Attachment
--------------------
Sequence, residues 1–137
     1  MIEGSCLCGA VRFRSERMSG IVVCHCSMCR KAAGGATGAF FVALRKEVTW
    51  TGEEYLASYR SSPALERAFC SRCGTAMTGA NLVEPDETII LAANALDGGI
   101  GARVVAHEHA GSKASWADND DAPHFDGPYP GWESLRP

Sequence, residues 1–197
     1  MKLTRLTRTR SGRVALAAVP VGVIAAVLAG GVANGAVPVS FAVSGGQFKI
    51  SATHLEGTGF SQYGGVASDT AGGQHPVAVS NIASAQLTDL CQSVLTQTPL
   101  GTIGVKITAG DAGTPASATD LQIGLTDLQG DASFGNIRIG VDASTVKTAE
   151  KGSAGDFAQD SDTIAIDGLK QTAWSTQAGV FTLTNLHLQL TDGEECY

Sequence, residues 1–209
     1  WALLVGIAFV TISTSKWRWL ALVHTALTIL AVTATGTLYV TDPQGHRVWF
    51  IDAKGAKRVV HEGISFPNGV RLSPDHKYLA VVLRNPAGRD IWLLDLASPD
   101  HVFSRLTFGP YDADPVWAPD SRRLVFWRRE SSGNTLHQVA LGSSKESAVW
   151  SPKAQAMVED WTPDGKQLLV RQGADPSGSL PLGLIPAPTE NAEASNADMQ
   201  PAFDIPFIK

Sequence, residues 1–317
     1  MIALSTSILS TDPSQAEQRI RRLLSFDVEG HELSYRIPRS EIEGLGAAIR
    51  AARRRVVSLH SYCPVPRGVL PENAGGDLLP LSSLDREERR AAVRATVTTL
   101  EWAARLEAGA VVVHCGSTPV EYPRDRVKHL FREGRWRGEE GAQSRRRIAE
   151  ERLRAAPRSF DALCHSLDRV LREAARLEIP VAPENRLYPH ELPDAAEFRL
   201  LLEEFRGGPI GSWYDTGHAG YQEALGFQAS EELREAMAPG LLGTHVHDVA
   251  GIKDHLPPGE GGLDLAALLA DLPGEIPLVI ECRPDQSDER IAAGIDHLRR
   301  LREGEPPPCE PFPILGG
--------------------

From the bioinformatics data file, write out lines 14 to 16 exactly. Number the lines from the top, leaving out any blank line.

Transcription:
   151  SPKAQAMVED WTPDGKQLLV RQGADPSGSL PLGLIPAPTE NAEASNADMQ
   201  PAFDIPFIK

Sequence, residues 1–317